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Cow Protection

Cow Protection

Every day we buy milk worth Rs 600 for the inmates of a home with which I am associated. Three of our staff have been expressing their desire to buy two cows and a buffalo so that the children could have more nutritious milk. They have also been claiming that the surplus milk could be sold in the neighbourhood and we could earn some money.

Of course, they would also want to have an additional employee to take care of the animals. The minimum wages being what they are, an employee would mean an additional cost of Rs 14,000 per month. Two high-yielding cows and one buffalo would cost at least Rs 2.5 lakh. Every time I meet them, they would tell me where we could build a cow shed, who could be employed etc.

I could no longer be a PV Narasimha Rao-kind of person who believed that in many cases the best solution was not to find any solution. I, therefore, decided to discuss the matter in detail with the staff. I do not see any colleague through the prism of religion or caste or creed. Nonetheless, I must mention the religious identity of the three for reasons the readers, I am sure, would understand.

One is a Syrian Christian from Kerala who vaingloriously claims that the blood that flows through his veins is Brahminical as the proto-converts in India were Brahmins. It is a different matter that the Bible or other texts of the period do not suggest that St. Thomas landed in Kerala in AD 52 only to convert the upper castes. The two others are upper caste Hindus from Kerala and Assam. The person whom they identified to look after the bovines was a Muslim. That made it an Amar-Akbar-Antony affair!

When I asked them a simple question whether the cattle could give milk without delivery, they could not contain their laughter. They would have probably thought that I did not know even basic genetics. How could they know that I knew something about Mendel's Law or the Law of Segregation. I remember what John Sir from Channanapally taught us at Catholicate College, Pathanamthitta -- Ontogeny recapitulates phylogeny.

I wish Tarun Vijay, former editor of the RSS mouthpiece   Panchajanya, knew this theory. Then he would not have made such a silly statement while arguing that India was not racist. The Africans in India are upset that they are discriminated against on the basis of their colour.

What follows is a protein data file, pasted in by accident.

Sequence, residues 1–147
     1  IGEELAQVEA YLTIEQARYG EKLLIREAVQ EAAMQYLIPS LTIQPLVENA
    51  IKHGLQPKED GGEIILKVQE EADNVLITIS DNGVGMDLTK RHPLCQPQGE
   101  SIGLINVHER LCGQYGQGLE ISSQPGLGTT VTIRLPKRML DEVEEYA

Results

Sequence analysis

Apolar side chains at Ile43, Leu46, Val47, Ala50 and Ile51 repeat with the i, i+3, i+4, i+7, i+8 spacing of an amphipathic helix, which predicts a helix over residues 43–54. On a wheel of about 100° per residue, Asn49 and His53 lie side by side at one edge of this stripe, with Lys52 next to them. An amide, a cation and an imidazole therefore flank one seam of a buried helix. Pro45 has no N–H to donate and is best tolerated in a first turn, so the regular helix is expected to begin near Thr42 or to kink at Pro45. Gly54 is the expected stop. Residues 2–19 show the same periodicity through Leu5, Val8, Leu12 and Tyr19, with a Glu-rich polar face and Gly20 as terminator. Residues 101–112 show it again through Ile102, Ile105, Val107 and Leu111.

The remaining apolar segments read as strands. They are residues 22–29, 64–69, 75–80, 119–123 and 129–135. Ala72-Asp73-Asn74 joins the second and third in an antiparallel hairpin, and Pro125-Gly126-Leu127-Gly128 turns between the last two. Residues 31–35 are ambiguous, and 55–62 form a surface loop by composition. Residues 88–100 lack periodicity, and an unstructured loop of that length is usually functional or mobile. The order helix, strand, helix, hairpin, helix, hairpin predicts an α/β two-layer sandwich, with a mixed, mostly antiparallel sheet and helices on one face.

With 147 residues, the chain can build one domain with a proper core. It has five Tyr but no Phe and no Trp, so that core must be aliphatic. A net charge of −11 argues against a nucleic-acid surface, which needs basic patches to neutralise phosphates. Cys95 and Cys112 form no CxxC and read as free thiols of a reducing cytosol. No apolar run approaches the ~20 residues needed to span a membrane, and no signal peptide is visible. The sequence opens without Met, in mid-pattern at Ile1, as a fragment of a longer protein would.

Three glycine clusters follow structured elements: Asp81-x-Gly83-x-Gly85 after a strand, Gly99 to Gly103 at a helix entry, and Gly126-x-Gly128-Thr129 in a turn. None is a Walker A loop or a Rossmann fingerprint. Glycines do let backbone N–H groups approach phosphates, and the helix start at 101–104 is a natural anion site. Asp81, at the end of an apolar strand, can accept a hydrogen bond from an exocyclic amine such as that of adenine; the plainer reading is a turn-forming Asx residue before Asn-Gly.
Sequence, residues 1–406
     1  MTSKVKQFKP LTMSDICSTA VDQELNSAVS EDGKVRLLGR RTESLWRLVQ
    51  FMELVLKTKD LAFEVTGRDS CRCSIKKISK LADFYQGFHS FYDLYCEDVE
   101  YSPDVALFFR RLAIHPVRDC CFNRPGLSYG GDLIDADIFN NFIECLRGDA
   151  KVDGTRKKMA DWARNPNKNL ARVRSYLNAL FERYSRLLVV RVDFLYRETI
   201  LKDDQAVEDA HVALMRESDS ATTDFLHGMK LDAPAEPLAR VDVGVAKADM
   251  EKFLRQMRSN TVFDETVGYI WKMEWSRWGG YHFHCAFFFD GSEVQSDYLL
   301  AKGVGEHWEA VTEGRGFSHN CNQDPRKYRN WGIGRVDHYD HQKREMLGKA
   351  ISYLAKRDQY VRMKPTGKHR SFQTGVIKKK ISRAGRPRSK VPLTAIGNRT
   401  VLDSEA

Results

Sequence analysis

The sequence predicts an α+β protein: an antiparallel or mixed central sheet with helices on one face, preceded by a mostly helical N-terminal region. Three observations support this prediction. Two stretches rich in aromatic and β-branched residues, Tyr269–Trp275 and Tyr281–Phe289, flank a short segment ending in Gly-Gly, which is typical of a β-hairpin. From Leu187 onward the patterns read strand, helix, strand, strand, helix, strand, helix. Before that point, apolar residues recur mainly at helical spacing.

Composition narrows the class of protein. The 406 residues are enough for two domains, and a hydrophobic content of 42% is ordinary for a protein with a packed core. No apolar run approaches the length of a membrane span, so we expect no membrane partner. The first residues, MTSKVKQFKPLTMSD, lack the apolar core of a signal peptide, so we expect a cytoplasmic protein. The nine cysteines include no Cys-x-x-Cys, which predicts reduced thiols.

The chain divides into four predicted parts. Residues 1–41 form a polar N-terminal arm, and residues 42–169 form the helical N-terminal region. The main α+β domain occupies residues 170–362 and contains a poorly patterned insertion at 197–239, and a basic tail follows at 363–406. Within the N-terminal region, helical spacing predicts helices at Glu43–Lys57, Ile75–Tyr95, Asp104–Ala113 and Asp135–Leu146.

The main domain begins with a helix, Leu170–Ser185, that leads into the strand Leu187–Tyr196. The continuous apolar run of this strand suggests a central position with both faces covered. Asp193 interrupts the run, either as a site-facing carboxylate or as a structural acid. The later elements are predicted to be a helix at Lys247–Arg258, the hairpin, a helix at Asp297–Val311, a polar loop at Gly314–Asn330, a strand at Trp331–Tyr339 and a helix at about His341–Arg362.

Vijay argued that we were not racist when he said, "If we were racist, then why would have all the entire south which is complete... you know... Tamil, Kerala, Karnataka and Andhra.... Why do we live with them? We have blacks, black people all around us. You're denying your own nation, you're denying your ancestry, that's very bad. I think we can be as good or as bad as any other human community".

Forget Vijay's bad English as none speaks English like the late Swami Ranganathananda, the first Malayali to head the Ramakrishna Mission, he just has to read the matrimonial advertisements to know why "wheatish-complexioned" brides are in demand and Fair&Lovely is a money-making cosmetic product that promises the sky and delivers the   paataal.

I remember Vijay as the one who wasted 12 pages of his weekly in two instalments in the early part of the first decade of the 21st century to tell his readers that I was not a journalist but an agent of Pope bent upon converting every Ram, Lakshman and Neelakantan into a Christian evangelist. Environmentalist A Faizi of Kerala gave a fitting reply to Vijay when he wrote in his Facebook Timeline, "As a Black South Indian I don’t want the people of the Aryan stock with their pale yellow skin to return to their fatherland in the Ural mountains in Central Asia".

According to the theory John Sir taught us, a dark-skinned couple can have a fair-skinned child if, eight generations ago, they had a fair-skinned ancestor.

If colour was not a factor, the buffalo would have been holier than the cow. Why? Because it gives more milk. It is also sturdier and can do more hard work than a bullock. Let me give a little statistics. 

Fifty-one per cent of India's milk production comes from buffaloes. The beef export from India is almost wholly buffalo meat. After the Gau Rakshaks attacked Samirdhi, the Kerala House staff canteen, in New Delhi, the word "beef" has disappeared from its menu. Now it is "buffalo meat".

Not many know that the imported varieties of cows are not worshipped. It is only the indigenous variety which is holy. However, they account for only 21 per cent of the milk produced in India. This 21 per cent is holier than the buffaloes, the imported cows and the goats that supply 79 per cent of milk! 

The worst thing that we have done to buffaloes was to associate them with death. The Gau Rakshaks do not realise that Yama who moves on a buffalo would visit them one day and all their worship of the cow would not prevent them from meekly following the buffalo.

To come back to the anecdote, I asked them what they would do if the cows and the buffalo delivered male calves. The animals have a life span of 15-20 years. They would deliver seven or eight times. I asked them whether they could count the number of cattle there would be after ten years. Fifty, sixty or a hundred or more? They were not sure. 

I asked them how they would dispose of the male among them and those which stopped supplying milk. Haryana had one of the toughest anti-cow slaughter laws. It would be impossible to feed so many cattle which would keep on multiplying. The Malthusian theory of population growth is valid in the case of animals too!

One of them suggested that we could transport the bullocks to a far-off place and dump them there. I scolded him for being so cruel. Who would look after them? Who would feed them? Would they not die of starvation? 

The alternative would be to feed all the animals, productive or not. Of course, we would also need more staff to look after the animals. I asked the three whether they had an idea of how much it would cost to feed a bullock or an old cow.